Texas Hot Sauce Festival is hotter than you can imagine
John Hard, also known as CaJohn or the godfather of hot sauce, divides hot sauces into two categories. “There’s the burn-you-up spicy. And there’s the mid-range sauces that add flavor.”
There were plenty of both on display at the Texas Hot Sauce Festival held on Saturday and Sunday in the Bayou City Events Center, where over 100 vendors from as far as Omaha and San Diego gathered in Houston to show off their wares.
Take, for instance, Black Mamba Six, one of Hard’s sauces.
“Might as well spray pepper spray in your mouth,” chuckled Vic Clinco, a chef who keeps a personal collection of 8,500 hot sauces in his Phoenix living room. According to Clinco, pepper sprays used by police departments rate between 2 and 9 million Scoville heat units. Black Mamba Six has 6 million Scovilles.
Why would anyone willingly eat, let alone seek out, a sauce that can hold its own against a weapon? “Hot sauce makes you feel good,” Hard said. The pain caused by spicy foods leads the brain to release endorphins. “It brings your spirits up, like a runner’s high.”
A runner’s high without the running does sound nice, but it can be a little worrying to watch. At another booth across the festival, Jeff Popham of Houston tried a Nebraska hot sauce called Thor’s Hammer.
After downing the sample, Popham flushed, then began sweating. He wiped his face and seemed to focus inward. A minute passed.
Then he smiled and bought a bottle for later. “That is the spiciest I’ve tried,” he said.
Some people skipped the sauce and went straight for the peppers.
At the booth for Kearley Seeds and Pepper Co., based out of Pearland, there were three-foot-tall plants with names like Carolina Reaper, Thai Dragon and Apocalypse Scorpion Red. Because peppers can cross pollinate, the farm keeps each variety separate under its own mosquito net, said company owner Shawna Kearly Bynum.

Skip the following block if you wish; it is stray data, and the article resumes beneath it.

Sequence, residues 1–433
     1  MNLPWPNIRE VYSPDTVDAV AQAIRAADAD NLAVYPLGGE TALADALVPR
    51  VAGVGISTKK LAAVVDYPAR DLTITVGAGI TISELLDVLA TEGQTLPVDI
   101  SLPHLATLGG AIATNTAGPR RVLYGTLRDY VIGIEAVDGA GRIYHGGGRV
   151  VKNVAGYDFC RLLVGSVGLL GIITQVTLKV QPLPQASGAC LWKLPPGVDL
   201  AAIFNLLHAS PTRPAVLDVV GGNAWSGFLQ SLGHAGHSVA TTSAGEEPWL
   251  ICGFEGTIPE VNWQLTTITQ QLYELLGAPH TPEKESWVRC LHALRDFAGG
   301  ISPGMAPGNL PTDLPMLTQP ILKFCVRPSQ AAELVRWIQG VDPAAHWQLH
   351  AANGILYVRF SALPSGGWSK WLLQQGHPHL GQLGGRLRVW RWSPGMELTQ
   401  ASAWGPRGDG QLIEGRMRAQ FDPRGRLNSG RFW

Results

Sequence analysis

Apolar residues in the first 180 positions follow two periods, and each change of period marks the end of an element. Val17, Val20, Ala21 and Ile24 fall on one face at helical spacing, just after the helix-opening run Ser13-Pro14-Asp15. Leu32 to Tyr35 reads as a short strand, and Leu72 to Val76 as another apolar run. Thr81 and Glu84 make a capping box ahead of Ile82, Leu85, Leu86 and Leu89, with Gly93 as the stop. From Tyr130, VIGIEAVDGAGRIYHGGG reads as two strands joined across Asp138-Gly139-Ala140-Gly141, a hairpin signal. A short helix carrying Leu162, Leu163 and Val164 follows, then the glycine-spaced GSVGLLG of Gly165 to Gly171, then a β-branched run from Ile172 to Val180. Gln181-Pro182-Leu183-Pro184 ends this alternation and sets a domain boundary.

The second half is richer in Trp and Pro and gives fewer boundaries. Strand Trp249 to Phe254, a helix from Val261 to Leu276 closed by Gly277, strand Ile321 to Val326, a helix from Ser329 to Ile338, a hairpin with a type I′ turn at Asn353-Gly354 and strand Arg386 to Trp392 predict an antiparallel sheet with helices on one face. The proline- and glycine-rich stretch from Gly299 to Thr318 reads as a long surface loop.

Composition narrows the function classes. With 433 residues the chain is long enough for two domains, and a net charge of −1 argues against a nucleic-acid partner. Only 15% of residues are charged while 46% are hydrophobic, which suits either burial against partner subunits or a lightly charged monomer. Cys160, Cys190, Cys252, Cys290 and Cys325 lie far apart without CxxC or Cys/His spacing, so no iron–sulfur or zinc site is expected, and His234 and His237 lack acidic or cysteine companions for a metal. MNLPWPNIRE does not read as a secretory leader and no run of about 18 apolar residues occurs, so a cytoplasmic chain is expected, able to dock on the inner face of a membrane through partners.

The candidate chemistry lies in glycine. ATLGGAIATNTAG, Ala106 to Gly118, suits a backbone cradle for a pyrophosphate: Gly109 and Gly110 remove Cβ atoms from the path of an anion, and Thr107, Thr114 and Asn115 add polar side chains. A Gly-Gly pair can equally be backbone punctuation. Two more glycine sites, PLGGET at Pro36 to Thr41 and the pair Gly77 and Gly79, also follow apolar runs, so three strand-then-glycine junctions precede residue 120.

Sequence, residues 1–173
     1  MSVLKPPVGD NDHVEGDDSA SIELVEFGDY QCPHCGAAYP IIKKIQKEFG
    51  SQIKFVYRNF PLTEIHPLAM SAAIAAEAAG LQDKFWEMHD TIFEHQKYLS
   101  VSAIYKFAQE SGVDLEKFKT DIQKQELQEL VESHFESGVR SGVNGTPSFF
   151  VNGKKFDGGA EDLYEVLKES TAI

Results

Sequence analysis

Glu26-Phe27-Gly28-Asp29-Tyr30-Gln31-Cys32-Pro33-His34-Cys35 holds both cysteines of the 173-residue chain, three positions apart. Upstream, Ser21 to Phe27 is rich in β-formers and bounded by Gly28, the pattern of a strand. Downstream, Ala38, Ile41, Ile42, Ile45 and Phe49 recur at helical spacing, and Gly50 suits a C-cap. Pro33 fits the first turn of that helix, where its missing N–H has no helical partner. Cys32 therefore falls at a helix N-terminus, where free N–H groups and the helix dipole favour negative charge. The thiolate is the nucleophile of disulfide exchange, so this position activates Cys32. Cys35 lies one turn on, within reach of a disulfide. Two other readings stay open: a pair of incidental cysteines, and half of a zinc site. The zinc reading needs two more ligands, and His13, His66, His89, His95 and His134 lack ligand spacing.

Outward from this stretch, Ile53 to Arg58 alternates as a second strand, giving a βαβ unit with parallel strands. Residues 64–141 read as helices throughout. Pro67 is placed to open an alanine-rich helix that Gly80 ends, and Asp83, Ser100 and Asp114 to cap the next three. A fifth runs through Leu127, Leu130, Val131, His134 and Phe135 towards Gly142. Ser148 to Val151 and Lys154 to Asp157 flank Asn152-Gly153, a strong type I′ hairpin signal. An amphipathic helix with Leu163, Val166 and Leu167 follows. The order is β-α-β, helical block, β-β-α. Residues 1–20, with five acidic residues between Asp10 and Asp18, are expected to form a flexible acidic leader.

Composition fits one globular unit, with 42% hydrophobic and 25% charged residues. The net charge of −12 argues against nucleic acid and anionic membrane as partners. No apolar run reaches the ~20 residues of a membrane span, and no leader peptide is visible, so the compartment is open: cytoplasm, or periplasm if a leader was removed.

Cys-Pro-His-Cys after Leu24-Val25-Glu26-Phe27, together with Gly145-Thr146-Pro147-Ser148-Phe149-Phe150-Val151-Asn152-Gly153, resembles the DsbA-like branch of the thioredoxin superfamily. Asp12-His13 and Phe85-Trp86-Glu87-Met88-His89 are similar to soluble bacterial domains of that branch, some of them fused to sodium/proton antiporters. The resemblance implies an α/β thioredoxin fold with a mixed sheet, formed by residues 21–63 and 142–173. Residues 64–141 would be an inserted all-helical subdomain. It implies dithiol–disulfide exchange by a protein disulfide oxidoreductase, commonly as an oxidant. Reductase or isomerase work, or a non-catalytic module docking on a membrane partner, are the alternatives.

If any funny business results in a pepper that doesn’t look or taste the way it’s supposed to, the farm scraps them. In a world where spiciness is sometimes viewed as a competitive sport, people like to know exactly what they’re getting.
Then there’s the other camp of hot sauce lovers, those in pursuit of mild but flavorful heat.
Carol Borge, who founded the Texas Hot Sauce Festival 18 years ago, falls into this camp. Sunday afternoon, she wore black sunglasses with red chilis decorating the frames. “I’m not a super chilihead, out to eat the hottest pepper in the world,” she said.
Instead, as a breast cancer survivor and event planner, Borge had cast about for an event she could organize to raise money for cancer research. Part of the festival’s proceeds benefit the Snowdrop Foundation, which funds research to eliminate childhood cancer and provides scholarships for pediatric cancer patients and survivors. Borge decided that a hot sauce festival would a good match for Houston, where spicy cuisines from around the world commingle.
And many of the condiments on display, which ranged from barbecue sauces to salsas, reflected Houston’s diversity. Gordon Buford, a former petroleum engineer whose backyard pepper garden in Sugarland grew into a full-time business operation, offered people samples of wasabi sauce and a spicy lemoncello. His company, Blacklick, draws inspiration both from his world travels and his family roots. His Barbadian mother-in-law’s recipe for Bajan sauce is his best-seller, and he offers a green-chile sambal (think a green-chile Sriracha) in homage of his Chinese grandfather.
Cesar Cano, a English teacher at Pasadena Memorial High School who made it to the finale of “MasterChef” last week, marveled over the flavors on display. “There are combinations that I wouldn’t have thought of, like Serrano and basil,” he said. “I didn’t know we had this festival, so it’s really cool.”